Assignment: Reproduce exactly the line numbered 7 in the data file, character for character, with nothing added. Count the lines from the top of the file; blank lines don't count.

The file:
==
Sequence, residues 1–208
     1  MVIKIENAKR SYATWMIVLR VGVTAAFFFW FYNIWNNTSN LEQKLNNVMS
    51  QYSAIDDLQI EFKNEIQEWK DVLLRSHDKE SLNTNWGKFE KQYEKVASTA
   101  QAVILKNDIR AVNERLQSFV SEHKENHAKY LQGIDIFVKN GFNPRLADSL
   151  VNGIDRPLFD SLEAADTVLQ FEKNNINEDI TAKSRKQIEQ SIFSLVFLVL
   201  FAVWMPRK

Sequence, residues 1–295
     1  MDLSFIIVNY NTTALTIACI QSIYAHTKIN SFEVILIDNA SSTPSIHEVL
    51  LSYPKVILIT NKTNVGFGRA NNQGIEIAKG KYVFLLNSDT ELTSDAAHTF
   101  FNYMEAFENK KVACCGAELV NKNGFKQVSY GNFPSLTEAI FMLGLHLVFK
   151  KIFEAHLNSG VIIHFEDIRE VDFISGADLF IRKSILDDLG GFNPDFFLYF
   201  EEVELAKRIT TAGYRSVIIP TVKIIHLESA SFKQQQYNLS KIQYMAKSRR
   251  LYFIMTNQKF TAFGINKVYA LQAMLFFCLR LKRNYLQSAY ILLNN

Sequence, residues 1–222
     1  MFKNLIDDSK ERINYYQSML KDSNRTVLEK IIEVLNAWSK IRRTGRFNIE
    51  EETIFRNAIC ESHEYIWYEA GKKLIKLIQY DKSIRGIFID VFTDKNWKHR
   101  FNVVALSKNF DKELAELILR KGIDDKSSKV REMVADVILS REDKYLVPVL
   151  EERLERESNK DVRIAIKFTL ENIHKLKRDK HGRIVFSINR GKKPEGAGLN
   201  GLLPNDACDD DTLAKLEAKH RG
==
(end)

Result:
Sequence, residues 1–295